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Expert tips for statement bulbs that will stand out in grass

Purple alliums and blue camassias in the wild flower meadows at Highgrove
Purple alliums and blue camassias in the wild flower meadows at Highgrove Credit: GAP Photos/Highgrove - A. Butler

The blooming of bulbs in spring is one of the greatest seasonal pleasures. Drenched in the optimism of longer days and the warmer weather to come, we often like to keep our bright flowers close, planted into tubs and borders where they will stand smartly to attention in a neatly manicured setting. 

Yet bulbs have a wilder and more atavistic side, thriving and surviving in those more rugged and hostile places beyond the patio. They can form carpets under deciduous trees, stud the rough grass of an early meadow with bright gems, and transform a patchy spring lawn into a thing of beauty. 

Even quite delicate-looking bulbs will grow happily among both ornamental and native grasses. If the conditions are right, particularly in regard to light and moisture levels, bulbs are often stronger than they seem and will settle in and get on with the job of flowering and multiplying for a low-maintenance display that gets better every year. 

Here, six expert gardeners explain how they use a variety of bulbs, planted in autumn, to make a statement in rougher areas of the garden.

Andy Sturgeon, garden designer

Wood anemone (A. nemorosa), is a favourite of Andy Sturgeon

I often plant native wood anemones, Anemone nemorosa, at the fringes of a lawn, where the grass drifts into the bushes. It is small and delicate and flowers early, forming carpets under deciduous shrubs and doing its thing before the leaves come out. It’s really uplifting to see, as you know that spring is under way. 

Another neat, early bulb is Chionodoxa forbesii, which has delicate starlike flowers the colour of Delft blue china. It is versatile, well-behaved and spectacular in drifts; it can grow at the edge of a lawn and also works well under trees, so is useful in most gardens.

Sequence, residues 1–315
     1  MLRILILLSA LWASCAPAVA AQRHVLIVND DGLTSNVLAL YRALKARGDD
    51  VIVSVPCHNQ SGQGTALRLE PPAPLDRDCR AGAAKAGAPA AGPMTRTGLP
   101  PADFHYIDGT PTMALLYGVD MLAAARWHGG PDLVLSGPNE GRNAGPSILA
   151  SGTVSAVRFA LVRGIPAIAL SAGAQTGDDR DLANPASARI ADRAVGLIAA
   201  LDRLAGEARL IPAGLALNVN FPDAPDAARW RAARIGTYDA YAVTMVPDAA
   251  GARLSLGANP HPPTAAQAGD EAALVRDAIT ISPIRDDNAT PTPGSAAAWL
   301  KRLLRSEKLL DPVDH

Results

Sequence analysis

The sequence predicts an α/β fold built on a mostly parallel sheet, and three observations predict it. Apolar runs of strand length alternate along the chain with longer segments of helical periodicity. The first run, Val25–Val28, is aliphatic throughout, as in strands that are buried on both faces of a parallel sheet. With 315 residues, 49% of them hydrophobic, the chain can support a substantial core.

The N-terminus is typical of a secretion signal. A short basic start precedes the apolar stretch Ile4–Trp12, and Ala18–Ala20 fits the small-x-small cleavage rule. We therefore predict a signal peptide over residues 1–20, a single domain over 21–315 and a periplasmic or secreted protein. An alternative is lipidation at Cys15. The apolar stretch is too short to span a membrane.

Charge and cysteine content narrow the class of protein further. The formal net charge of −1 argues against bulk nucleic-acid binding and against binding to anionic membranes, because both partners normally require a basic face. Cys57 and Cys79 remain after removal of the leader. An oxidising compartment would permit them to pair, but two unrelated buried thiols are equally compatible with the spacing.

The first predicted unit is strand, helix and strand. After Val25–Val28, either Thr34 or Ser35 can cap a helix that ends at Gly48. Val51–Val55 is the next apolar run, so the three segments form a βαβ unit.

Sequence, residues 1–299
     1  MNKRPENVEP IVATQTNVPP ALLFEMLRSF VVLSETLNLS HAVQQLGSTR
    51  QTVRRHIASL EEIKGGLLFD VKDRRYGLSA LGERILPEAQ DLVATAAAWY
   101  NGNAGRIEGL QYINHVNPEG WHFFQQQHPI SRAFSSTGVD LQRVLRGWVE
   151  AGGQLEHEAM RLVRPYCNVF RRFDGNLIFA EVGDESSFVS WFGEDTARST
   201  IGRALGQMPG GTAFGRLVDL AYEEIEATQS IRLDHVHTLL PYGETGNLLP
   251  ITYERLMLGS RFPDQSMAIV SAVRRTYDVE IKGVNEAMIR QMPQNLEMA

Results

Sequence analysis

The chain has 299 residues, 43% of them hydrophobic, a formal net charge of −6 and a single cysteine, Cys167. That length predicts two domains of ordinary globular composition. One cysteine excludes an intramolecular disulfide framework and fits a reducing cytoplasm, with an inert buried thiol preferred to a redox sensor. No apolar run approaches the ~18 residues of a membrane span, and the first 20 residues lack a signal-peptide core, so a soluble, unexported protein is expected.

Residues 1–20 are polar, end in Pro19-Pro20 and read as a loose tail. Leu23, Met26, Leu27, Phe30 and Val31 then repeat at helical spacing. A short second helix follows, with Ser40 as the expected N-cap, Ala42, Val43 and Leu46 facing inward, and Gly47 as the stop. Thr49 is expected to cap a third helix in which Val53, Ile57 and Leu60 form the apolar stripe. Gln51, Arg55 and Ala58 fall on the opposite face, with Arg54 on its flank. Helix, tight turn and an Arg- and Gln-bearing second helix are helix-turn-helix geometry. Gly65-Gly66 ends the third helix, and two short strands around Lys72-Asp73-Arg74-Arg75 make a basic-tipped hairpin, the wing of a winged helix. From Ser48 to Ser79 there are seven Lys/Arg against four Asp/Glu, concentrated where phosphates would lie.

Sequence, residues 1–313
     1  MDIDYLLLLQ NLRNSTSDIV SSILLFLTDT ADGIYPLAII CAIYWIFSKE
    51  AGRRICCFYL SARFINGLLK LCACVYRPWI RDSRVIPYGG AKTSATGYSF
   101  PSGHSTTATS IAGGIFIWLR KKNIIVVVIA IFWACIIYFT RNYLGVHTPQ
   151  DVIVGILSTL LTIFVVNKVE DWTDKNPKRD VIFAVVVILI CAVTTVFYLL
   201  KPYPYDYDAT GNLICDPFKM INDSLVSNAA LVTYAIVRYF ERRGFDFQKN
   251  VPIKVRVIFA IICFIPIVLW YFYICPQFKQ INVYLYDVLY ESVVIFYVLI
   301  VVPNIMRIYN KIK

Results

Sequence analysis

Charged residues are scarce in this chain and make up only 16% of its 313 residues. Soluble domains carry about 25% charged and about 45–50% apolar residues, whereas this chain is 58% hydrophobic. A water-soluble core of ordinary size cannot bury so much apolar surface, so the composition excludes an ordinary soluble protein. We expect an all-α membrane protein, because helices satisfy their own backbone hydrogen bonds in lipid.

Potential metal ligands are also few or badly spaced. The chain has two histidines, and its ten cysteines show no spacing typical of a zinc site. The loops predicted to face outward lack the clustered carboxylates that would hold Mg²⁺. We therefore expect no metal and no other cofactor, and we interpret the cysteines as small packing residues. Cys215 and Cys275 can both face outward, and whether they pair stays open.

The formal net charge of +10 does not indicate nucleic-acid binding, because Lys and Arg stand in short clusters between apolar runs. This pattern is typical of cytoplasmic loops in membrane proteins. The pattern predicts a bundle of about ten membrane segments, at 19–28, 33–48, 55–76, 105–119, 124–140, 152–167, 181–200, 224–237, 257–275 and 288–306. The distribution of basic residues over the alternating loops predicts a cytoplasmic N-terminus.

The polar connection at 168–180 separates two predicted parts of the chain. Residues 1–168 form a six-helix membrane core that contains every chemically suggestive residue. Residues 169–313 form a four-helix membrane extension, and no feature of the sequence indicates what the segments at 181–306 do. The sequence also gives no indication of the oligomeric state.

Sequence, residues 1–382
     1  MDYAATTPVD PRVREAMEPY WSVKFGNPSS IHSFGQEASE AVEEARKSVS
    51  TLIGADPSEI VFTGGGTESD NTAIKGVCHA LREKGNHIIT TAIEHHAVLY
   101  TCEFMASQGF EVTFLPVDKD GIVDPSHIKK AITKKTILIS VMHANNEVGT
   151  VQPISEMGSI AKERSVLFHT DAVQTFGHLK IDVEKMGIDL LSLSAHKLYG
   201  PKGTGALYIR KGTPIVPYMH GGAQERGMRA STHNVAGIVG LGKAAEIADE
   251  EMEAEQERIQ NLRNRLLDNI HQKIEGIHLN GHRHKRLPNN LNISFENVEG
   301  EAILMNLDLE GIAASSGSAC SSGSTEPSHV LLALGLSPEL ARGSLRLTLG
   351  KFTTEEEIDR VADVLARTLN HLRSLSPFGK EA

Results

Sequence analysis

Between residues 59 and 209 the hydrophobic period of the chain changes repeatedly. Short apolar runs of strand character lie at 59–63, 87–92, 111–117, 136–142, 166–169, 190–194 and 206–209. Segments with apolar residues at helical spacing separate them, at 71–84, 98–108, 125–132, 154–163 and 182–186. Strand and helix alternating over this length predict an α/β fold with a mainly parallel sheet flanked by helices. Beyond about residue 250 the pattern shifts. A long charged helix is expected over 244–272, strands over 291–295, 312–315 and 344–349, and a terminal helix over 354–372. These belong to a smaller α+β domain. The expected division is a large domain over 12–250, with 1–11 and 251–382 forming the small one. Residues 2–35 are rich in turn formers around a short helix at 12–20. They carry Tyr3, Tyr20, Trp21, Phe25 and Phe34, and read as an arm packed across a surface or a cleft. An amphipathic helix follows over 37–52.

For a later display, I’ve recently started using Gladiolus communis subsp. byzantinus. Alone it can look garish but if you team it with long summer grasses it becomes much more sophisticated and acceptable. It doesn’t spread very quickly, but it does seem to persist. 

Tom Coward, head gardener, Gravetye Manor, Sussex

Leucojum 'Gravetye Giant' is recommended by Tom Coward Credit:  Marianne Majerus Garden Images; Knickerbockerglory TV

Think about how you want to manage your grass and then use bulbs strategically. I don’t cut wild flower meadows until July, but elsewhere I might want to cut the grass earlier to stop it looking scruffy, so in these places we’d plant early bulbs such as snowdrops, crocuses and Scilla sibirica; the scilla combines well with Narcissus pseudonarcissus, as you get lemon yellow with sky blue.

In wetter areas you could use the dainty early daffodils N. cyclamineus or N. bulbocodium.  Bulbs are great with tree blossom, too. Leucojum aestivum ‘Gravetye Giant’ is a wonderful thing: it has a long season, it’s prolific and is beautiful naturalised in grass under birches and cherries. And Camassia leichtlinii subsp. suksdorfii Caerulea Group does well in the orchard here – with apple blossom it’s magic!

Kate Elliott, head gardener, Columbine Hall, Suffolk 

Snake's head fritillaries are grown by Kate Elliott Credit:  Andrea Jones/Garden Exposures